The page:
I don’t know why, but I became paranoid this morning (no, I wasn’t on drugs, but I sure wished I were). I was walking from the library to my car when, all of a sudden, I couldn’t shake the feeling that I was about to be attacked, so I watched everyone closely, hoping they wouldn’t look at me. My next stop was Costco, which is a large box-store (as such places are called in America). I hate most big stores, but I love Costco—just not today though. God, but I wanted out of that place. Then, I got to observing the dance that we all perform in crowded situations just to avoid bumping into one another. I focused upon this dance, and it enabled me to reflect upon how cooperative people are, and that made my fear tolerable.

Like what I wrote about my mind and my heart sometimes being in conflict, today it was my mind and my fears. I often feel claustrophobic when I can’t leave a crowded place, and that’s how my morning was, only worse. I’m home now, and peacefully alone in this quiet room. Other than being paranoid at times on marijuana, I’ve never experienced anything like today, and I think it might be a small taste of how it feels to live in a place where people really do want to harm you.

Tonight. At 6:00 p.m., I went to a mass/rosary recitation at Resurrection Episcopal, and I felt as happy and peaceful there as I felt freaked-out this morning. It’s not just church I need, it’s the Episcopal Church, and not just any Episcopal Church, but a high church with incense, candles, holy water, altar bells, formality, and solemnity. I can put my heart into every word I say in such a setting without believing them literally. They possess me. Their beauty, their antiquity, the closeness I feel to those who are saying the same words and making the same gestures, is no less strange and beautiful to me than anything that’s strange and beautiful, whether I’m among people or in nature, whether I’m straight or on drugs. I don’t know how anyone could love high church more than I, or approach it more joyfully. On days when I know I will be going to mass, I count the hours. No one would ever suspect that I grew up in a church that considered ritual and ornamentation to be Satanic, but even back then, I missed what I had never had, and now I’m tired of depriving myself of it.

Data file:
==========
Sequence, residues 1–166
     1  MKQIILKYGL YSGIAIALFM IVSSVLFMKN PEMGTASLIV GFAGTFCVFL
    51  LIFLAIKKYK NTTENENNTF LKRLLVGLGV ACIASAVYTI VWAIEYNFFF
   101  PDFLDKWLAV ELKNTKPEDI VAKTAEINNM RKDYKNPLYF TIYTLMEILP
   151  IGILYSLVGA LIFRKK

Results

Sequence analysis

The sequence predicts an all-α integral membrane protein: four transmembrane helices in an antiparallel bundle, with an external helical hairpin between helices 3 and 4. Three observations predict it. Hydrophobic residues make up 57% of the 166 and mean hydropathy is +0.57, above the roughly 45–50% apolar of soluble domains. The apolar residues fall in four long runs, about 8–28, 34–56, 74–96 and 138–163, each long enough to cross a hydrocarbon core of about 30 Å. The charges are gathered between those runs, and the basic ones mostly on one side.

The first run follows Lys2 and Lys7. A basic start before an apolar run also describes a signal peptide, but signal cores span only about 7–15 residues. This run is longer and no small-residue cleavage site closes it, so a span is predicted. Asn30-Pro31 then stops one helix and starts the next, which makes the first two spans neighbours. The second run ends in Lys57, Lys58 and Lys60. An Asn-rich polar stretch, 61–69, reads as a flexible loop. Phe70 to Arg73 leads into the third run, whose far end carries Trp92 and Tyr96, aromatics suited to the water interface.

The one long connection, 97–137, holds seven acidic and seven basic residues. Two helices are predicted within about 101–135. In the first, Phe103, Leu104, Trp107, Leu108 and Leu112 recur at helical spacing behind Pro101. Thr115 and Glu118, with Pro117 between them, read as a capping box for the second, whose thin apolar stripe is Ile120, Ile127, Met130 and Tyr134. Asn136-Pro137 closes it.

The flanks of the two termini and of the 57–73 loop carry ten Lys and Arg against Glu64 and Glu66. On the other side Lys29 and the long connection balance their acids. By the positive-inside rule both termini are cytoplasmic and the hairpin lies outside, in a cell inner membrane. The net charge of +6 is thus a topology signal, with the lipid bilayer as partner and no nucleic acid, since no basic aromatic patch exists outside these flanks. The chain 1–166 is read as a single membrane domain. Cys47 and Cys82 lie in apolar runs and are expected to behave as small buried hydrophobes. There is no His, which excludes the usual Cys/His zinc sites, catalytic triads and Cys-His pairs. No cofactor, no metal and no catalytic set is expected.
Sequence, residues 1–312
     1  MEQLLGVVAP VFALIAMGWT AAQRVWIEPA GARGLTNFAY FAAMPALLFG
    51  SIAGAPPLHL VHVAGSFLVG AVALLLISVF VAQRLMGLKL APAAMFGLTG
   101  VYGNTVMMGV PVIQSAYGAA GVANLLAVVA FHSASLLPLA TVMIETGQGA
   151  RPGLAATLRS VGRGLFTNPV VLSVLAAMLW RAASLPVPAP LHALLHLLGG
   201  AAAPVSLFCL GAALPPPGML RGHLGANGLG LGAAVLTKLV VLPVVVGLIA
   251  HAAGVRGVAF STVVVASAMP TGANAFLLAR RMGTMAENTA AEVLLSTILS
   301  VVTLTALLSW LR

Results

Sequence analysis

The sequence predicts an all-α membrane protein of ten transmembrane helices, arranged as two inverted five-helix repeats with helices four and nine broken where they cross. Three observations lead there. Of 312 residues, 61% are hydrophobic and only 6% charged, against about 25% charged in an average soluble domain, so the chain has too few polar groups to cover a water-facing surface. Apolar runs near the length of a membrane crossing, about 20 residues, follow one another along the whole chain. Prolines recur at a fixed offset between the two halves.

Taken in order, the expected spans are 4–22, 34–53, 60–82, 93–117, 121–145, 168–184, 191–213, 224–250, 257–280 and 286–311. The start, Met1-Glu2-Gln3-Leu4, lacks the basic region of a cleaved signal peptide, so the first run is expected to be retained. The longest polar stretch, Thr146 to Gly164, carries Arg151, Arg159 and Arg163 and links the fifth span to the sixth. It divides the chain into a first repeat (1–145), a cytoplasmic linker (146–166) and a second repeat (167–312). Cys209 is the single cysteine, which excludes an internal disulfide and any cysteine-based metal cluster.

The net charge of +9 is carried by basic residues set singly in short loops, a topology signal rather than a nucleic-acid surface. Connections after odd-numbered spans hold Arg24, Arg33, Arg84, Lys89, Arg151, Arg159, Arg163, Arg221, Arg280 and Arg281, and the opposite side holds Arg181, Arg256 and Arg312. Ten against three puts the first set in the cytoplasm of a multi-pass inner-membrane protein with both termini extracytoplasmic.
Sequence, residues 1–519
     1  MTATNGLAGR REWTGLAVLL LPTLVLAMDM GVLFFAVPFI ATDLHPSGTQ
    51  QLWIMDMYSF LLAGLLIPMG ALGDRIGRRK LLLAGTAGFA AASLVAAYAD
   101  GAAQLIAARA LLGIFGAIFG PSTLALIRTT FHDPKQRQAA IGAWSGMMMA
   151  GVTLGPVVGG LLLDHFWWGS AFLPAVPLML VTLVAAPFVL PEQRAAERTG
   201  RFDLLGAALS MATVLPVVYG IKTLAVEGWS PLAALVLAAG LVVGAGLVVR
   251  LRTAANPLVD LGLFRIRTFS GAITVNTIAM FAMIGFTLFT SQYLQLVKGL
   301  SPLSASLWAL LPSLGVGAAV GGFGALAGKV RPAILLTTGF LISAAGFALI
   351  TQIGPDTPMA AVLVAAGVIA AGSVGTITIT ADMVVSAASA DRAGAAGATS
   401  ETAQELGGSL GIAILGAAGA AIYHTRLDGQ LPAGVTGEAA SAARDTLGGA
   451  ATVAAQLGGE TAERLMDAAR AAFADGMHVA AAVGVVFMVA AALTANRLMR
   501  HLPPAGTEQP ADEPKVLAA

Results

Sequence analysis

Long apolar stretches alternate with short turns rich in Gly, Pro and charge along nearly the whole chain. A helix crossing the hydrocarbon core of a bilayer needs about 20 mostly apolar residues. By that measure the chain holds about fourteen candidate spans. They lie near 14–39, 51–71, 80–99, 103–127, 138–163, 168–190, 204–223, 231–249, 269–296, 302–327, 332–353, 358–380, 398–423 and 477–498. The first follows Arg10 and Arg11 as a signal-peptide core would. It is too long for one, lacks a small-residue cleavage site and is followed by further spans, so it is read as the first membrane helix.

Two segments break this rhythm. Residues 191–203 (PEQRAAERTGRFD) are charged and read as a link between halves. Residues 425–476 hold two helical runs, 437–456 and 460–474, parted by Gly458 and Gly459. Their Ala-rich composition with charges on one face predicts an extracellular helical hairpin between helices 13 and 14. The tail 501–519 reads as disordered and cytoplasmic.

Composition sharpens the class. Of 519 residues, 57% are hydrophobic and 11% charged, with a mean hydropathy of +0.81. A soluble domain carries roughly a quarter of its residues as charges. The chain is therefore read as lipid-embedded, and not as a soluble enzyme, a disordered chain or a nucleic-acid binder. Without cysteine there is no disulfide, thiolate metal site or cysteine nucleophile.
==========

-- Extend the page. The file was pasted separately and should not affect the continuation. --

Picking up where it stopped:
The day after George’s funeral a few weeks ago, I wrote to the priest at Resurrection: “I’m an atheist pure and simple and through and through, yet I keep being drawn-in by religion.” He wrote, “I am not a Christian who believes that believing correctly, that thinking correctly, has much to do with our relationship to God.” Years ago, another priest had written: “I accept atheism as a valid spiritual path.” Based upon what these priests, various lay people, and some prominent Episcopal theologians have said or written, I think it likely that I could find limited acceptance in this, the only denomination that I’m drawn to, so is the problem with it or with me? I just know that I leave an Episcopal “high mass” a different person, a more peaceful and happy person, and I fully believe that my life would go better if I could consistently allow myself that.

Iain, who is one of the staff at Resurrection, is a female-to-male transgender person who said as much during a Sunday School theology class he teaches. Last night, I told him about my father, about how he thought he was the only transgender person in the world until he was in his sixties and read a Life Magazine article about Jan Morris. I asked Iain whether he felt accepted by his denomination*, and he said, no, not entirely, and certainly not in every congregation. Then it hit me that he isn’t only like my father, he’s also like me in that I know I’ll never be accepted by many people in the church. They might not demand that I explain by what right I take communion in their church, but they’ll always resent my presence, and I’ll always know that nothing I might say could change that. I believe that this congregation will be more tolerant than most (“a place for misfits,” I’ve heard it called), and I’m also encouraged by the non-traditional pronouncement that the priest makes as he extends the wine and the bread toward the people before communion, “This is God’s table. All are welcome here.” Then he proceeds to serve all, including small children, and including me. My heart opens when I reflect upon his acceptance of me because I know what it means. It means that he cares more about love than dogma, and I’ve found that to be rare

*The following link contains the church's position on homosexuality and transgender: